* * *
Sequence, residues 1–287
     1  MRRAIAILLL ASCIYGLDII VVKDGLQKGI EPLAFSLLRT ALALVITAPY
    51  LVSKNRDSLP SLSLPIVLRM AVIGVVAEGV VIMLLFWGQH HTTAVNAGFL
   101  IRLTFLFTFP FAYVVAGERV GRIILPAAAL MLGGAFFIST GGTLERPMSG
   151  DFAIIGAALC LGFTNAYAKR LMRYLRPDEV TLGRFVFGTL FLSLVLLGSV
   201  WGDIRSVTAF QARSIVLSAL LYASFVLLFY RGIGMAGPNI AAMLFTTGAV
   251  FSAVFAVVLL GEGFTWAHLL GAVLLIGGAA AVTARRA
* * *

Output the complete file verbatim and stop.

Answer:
Sequence, residues 1–287
     1  MRRAIAILLL ASCIYGLDII VVKDGLQKGI EPLAFSLLRT ALALVITAPY
    51  LVSKNRDSLP SLSLPIVLRM AVIGVVAEGV VIMLLFWGQH HTTAVNAGFL
   101  IRLTFLFTFP FAYVVAGERV GRIILPAAAL MLGGAFFIST GGTLERPMSG
   151  DFAIIGAALC LGFTNAYAKR LMRYLRPDEV TLGRFVFGTL FLSLVLLGSV
   201  WGDIRSVTAF QARSIVLSAL LYASFVLLFY RGIGMAGPNI AAMLFTTGAV
   251  FSAVFAVVLL GEGFTWAHLL GAVLLIGGAA AVTARRA